FCC's AllVid: Obsolete on Day One


More than 40 parties filed responses in the last two days to the FCC’s notice of inquiry regarding its AllVid proposal (including the NCTA: see Cable Ops On Set-Tops: Don’t Fence Us In).

Quick recap: As described in the FCC’s NOI, an AllVid-compatible gateway or device would let consumers access any pay-TV service and any source of broadband-delivered content. The rule would also likely require cable, satellite and telco operators to fundamentally overhaul their video-delivery networks — the costs for which would be passed along to all subscribers, since the FCC wants every set-top deployed starting in 2013 to be AllVid-iotic (see Death Row For the Integrated Set-Top, Son of CableCard, Goodbye Tru2way, Hello To ‘AllVid’ and FCC AllVid Rule Would ‘Ban The Set-Top As We Know It’: Analyst).

Out of the latest batch of responses, two points stood out to me.

First was from Cablevision Systems, which noted that AllVid represents a move to fix network intelligence into customer-premises devices. That would stall — or even prohibit — the introduction of so-called “cloud-based” services and features. For example, Cablevision pointed out, there are currently no standards for delivering many of the MSO’s network-based services, including RS-DVR, caller ID on TV, search and interactive advertising applications.

“Simply stated, innovation in the headend cannot translate into new services for consumers if new capabilities and functionalities are tethered to an AllVid adapter designed by committee,” Cablevision said in its comments. “At a minimum, AllVid would introduce another layer of complexity and cost into the calculus of getting new services, features and functionalities to end users.”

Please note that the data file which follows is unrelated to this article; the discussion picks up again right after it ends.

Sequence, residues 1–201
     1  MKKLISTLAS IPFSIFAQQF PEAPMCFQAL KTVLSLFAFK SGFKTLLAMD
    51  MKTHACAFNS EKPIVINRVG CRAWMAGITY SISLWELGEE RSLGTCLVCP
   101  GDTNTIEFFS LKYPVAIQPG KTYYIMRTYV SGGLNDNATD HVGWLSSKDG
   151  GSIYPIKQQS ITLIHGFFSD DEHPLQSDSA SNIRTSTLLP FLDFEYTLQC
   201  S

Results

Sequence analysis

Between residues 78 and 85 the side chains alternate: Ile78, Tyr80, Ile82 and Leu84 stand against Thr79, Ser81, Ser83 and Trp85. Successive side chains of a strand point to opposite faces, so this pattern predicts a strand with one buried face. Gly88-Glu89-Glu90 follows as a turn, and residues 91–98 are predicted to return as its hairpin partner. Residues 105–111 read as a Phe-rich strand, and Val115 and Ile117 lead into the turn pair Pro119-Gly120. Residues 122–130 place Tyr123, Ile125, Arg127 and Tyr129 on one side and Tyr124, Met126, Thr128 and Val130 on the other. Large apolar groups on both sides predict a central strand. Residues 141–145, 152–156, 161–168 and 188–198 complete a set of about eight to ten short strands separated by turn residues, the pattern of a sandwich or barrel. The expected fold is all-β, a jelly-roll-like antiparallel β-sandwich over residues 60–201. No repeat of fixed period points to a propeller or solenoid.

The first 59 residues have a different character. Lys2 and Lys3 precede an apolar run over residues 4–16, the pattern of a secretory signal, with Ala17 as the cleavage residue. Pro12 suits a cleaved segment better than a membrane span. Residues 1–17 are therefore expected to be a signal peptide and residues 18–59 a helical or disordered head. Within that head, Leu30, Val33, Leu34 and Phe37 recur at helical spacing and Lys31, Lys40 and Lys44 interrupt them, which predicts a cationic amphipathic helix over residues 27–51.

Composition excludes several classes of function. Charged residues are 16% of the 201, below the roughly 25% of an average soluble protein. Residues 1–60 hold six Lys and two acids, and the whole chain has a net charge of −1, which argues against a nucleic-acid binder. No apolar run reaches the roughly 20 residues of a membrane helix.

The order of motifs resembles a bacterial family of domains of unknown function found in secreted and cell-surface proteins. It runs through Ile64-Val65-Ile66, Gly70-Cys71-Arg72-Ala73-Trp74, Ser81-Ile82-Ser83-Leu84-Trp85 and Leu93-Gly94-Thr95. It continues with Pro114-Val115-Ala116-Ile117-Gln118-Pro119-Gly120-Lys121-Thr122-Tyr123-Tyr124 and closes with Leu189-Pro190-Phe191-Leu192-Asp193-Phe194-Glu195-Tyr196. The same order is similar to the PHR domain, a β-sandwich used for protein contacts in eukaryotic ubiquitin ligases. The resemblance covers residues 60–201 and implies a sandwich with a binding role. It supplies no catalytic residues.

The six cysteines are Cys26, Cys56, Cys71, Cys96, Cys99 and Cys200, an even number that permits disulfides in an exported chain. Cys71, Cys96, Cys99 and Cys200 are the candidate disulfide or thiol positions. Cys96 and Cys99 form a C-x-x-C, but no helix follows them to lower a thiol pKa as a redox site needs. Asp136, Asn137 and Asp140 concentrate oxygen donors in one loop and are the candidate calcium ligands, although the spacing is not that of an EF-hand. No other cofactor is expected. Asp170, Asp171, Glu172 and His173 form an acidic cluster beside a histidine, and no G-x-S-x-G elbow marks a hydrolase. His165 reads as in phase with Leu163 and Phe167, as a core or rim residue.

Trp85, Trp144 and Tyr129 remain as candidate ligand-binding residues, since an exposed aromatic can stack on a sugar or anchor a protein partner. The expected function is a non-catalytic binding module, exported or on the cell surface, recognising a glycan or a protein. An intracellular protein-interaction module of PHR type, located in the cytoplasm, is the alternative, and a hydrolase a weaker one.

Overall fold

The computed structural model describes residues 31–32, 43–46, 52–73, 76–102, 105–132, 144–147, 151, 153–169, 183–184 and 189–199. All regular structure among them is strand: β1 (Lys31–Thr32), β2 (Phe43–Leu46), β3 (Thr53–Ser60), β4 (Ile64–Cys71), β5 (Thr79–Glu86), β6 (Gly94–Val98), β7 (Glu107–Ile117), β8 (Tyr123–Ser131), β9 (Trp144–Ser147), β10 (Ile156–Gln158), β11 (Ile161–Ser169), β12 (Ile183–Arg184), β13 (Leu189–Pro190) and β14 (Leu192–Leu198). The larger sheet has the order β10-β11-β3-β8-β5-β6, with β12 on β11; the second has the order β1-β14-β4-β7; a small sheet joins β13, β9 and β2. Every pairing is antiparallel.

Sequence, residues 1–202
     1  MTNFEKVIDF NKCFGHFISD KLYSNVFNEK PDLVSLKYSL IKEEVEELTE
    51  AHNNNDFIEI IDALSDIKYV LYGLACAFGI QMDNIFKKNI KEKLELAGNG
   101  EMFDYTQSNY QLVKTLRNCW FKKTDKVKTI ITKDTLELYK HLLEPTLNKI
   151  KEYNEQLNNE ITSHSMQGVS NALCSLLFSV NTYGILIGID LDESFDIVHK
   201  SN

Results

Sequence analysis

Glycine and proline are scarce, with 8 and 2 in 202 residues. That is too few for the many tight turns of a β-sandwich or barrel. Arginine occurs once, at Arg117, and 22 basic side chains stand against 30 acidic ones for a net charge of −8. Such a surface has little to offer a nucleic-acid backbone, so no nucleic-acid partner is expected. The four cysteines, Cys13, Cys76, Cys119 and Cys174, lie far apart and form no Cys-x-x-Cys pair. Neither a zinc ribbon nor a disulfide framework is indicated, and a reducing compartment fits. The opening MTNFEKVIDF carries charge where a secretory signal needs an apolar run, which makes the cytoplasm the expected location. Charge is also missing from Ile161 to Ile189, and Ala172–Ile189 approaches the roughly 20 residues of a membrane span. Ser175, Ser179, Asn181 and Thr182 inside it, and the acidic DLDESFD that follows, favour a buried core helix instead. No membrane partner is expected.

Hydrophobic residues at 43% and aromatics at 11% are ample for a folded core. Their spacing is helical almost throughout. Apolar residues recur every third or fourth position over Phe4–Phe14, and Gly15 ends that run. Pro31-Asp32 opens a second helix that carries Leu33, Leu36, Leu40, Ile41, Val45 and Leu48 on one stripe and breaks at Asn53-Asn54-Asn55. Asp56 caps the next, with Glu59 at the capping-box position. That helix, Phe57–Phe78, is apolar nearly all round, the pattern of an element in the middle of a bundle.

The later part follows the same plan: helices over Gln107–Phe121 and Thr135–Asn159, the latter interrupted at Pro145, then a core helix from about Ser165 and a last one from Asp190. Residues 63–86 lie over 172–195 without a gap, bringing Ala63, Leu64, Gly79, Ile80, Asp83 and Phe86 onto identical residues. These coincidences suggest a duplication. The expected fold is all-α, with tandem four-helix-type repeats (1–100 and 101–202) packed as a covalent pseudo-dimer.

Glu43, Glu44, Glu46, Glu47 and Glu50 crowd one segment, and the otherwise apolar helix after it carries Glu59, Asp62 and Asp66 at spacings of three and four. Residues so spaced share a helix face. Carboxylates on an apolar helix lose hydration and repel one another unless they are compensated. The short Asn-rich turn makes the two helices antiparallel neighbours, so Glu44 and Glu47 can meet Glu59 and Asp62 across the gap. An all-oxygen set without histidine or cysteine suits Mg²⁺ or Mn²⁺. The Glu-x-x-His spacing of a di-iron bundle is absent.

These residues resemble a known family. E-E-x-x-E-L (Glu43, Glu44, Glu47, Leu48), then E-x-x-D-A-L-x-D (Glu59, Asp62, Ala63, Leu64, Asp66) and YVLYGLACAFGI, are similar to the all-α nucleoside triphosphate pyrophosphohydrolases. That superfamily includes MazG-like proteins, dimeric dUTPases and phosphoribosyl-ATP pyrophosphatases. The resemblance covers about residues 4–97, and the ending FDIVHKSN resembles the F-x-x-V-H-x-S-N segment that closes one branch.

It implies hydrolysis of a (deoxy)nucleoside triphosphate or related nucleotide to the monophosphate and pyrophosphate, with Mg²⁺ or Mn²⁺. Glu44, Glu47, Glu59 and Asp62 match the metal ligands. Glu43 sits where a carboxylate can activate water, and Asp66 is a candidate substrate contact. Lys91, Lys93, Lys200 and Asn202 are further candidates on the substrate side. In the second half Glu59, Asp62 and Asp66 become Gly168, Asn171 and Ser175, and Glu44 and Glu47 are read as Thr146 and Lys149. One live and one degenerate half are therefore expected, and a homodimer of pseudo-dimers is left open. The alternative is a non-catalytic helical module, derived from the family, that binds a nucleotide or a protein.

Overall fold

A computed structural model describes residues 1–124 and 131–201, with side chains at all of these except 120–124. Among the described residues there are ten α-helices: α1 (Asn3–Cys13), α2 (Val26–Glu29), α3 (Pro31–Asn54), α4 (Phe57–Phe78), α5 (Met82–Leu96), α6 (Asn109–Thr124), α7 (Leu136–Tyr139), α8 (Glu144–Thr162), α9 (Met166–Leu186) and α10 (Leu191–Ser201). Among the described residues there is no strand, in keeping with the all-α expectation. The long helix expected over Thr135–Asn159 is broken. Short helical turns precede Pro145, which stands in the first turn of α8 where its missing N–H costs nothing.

As Cablevision summed up: ”From a network capability perspective, the AllVid adapter is legacy on the day that it is deployed.”

The second interesting point was from Ohio’s Massillon Cable TV. That operator in 2009 converted to 100% digital through digital transport adapters (see Let’s Party Like It’s 6/12/2009!). What the cable company found after throwing the all-digital switch was that a significant number of customers simply used their digital TVs, with built-in QAM tuners, to access programming, Massillon president Bob Gessner wrote in comments.

“When given a choice, many consumers choose to use their digital TV set without a set-top box,” Gessner said. AllVid, on the other hand, “seems to remove that choice completely,” by requiring all TVs to need some kind of AllVid adapter.

“If the Commission establishes rules that require every MVPD to install some type of gateway device, the Commission will limit consumer choice, increase consumer cost and relegate one of the most ubiquitious navigation devices” — i.e., digital TVs — “to the scrap heap,” Gessner wrote.